Good Morning Sunshine

By Tom Yulsman | April 29, 2013 11:24 am

A composite of images of the sun taken by NASA’s Solar Dynamics Observatory. (Image: NASA/SDO/AIA/S. Wiessinger)

At any given moment, the sun features material leaping off the surface in arcs, flares and ejections. That’s dynamic enough, as previous posts here at ImaGeo have illustrated. (Check out this this one, for  example.)

But what would a composite of many snapshots of the sun’s surface taken over a long time look like?

Imagine no more. The picture above is a composite of 25 images of the sun taken from April 16, 2012 to April 15, 2013 by NASA’s Solar Dynamics Observatory, or SDO. (And for a movie of several years of solar images, keep reading toward the end…)

The sun is a giant cauldron of charged particles, a “plasma” made up of electrons, and atoms that have lost electrons, laced with magnetic fields. If you look closely at the edge of the sun in this image, some magnetic field lines have become manifest as gargantuan glowing loops. (Click the image for a larger version.)

Following those lines, plasma is accelerating and leaping from the surface into the sun’s outer atmosphere, called the corona. These coronal arcs can last from seconds to days, and sometimes they are a precursor to solar flares and coronal mass ejections — gigantic explosions of matter and radiation out into space.

This material can race toward Earth, but luckily, we’re protected by a shield — our planet’s magnetic field. Even so, if a solar ejection is energetic enough, it can cause a geomagnetic storm. This in turn can damage satellites and cause disruption to electrical grids and communication and navigation systems.

Because the picture at top is a composite of many images, you are seeing more coronal arcs than would be apparent at the surface at any given time. As a still image, it helps dramatize the incredibly violent nature of the sun’s surface.

But what if you could watch a movie of the sun, and not just over the course of a few days but a span of entire years?

Once again, imagine no longer.

A screenshot of an animation of SDO images covering three years. Click on the image to watch the movie. (Animation: NASA Goddard Space Flight Center)

Click on the image above to watch a mesmerizing animation of SDO images taken over the course of three years, at a rate of two images every day.

From NASA:

SDO’s Atmospheric Imaging Assembly captures a shot of the sun every 12 seconds in 10 different wavelengths. The images shown here are based on a wavelength of 171 angstroms, which is in the extreme ultraviolet range and shows solar material at around 600,000 kelvins (about 1.08 million F). In this wavelength it is easy to see the sun’s 25-day rotation as well as how solar activity has increased over three years.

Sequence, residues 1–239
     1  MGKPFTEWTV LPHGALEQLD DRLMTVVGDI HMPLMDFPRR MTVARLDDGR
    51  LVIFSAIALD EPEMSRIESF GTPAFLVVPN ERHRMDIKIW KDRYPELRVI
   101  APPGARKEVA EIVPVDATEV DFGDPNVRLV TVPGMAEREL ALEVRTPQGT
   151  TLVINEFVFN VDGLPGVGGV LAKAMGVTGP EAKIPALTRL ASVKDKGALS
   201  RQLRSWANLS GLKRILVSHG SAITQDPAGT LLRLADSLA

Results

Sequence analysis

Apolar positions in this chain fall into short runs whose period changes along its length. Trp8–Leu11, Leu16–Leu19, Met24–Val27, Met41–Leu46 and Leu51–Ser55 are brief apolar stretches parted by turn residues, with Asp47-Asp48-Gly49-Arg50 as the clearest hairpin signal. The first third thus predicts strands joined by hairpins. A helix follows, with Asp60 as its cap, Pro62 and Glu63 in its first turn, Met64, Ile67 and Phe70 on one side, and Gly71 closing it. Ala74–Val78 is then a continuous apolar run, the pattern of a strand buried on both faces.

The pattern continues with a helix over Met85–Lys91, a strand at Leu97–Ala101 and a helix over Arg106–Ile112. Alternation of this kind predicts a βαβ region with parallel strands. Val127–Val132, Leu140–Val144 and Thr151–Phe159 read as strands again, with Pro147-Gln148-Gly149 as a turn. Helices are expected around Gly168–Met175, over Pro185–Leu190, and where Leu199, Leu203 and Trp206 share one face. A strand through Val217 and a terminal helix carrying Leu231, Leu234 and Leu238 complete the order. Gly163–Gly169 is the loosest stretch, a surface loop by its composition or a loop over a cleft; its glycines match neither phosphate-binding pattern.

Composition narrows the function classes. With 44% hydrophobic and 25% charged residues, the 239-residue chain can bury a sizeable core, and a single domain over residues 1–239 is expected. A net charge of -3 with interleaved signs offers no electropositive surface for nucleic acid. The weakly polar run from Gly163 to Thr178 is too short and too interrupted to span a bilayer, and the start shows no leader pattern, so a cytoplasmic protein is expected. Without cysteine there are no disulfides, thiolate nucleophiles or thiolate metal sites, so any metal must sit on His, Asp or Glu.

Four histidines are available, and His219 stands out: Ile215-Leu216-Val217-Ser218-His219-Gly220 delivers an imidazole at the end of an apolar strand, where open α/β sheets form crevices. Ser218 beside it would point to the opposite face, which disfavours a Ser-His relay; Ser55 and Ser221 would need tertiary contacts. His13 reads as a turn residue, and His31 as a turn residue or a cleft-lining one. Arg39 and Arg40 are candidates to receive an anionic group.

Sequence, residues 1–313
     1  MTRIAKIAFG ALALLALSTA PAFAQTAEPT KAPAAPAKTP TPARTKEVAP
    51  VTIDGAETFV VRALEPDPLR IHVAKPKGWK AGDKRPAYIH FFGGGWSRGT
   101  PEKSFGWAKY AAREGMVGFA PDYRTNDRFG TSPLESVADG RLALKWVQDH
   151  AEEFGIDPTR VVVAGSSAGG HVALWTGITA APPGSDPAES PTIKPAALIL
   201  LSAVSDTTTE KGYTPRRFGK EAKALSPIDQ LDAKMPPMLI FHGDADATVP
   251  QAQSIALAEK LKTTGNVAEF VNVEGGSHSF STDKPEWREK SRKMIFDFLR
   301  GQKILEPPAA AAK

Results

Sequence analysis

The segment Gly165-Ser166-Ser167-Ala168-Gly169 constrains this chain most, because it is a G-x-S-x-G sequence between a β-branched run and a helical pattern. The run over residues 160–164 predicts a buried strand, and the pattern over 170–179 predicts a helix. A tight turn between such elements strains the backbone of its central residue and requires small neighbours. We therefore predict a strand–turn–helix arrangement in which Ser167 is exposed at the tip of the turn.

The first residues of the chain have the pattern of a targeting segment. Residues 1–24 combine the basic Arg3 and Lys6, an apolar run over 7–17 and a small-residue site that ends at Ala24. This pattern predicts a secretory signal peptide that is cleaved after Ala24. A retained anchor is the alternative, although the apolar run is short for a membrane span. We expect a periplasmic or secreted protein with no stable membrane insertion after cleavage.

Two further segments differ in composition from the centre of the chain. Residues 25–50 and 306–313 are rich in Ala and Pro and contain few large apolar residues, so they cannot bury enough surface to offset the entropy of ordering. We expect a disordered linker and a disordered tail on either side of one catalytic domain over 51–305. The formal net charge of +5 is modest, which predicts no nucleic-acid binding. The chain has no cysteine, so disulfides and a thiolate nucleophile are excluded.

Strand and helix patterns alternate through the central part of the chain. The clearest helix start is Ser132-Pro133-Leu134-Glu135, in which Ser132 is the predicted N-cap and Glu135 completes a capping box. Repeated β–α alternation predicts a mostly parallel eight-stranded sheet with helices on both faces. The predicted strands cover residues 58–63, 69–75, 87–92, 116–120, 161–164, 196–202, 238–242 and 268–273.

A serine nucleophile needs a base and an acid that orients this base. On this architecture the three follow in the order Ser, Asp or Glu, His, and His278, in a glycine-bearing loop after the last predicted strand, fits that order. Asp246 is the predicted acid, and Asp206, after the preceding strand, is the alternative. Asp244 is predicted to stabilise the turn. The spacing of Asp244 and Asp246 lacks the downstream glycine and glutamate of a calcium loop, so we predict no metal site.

And this is amazing: Even as the SDO satellite orbits the Earth at 6,876 miles per hour, and the Earth in turn orbits the sun at 67,062 mph, the image is astonishingly stable.

CATEGORIZED UNDER: select, Sun, Top Posts
  • John Zulauf

    Very cool image. Comparing to the video though, it seems like the disruptions are far more localized and stable and that the smear across the whole surface is mostly from the effect of rotation. Effectively each event is being stretch info a latitude line set of “stamps” of the event.

    What might be more informative would be to project the sphere to a map and correct for rotation, giving a composite of activity as it evolves relative to the surface. That would be challenging, but I bet also very interesting.

    Still a cool image.



ImaGeo is a visual blog focusing on the intersection of imagery, imagination and Earth. It focuses on spectacular visuals related to the science of our planet, with an emphasis (although not an exclusive one) on the unfolding Anthropocene Epoch.

About Tom Yulsman

Tom Yulsman is Director of the Center for Environmental Journalism and a Professor of Journalism at the University of Colorado, Boulder. He also continues to work as a science and environmental journalist with more than 30 years of experience producing content for major publications. His work has appeared in the New York Times, Washington Post, Audubon, Climate Central, Columbia Journalism Review, Discover, Nieman Reports, and many other publications. He has held a variety of editorial positions over the years, including a stint as editor-in-chief of Earth magazine. Yulsman has written one book: Origins: the Quest for Our Cosmic Roots, published by the Institute of Physics in 2003.


See More


Discover's Newsletter

Sign up to get the latest science news delivered weekly right to your inbox!

Collapse bottom bar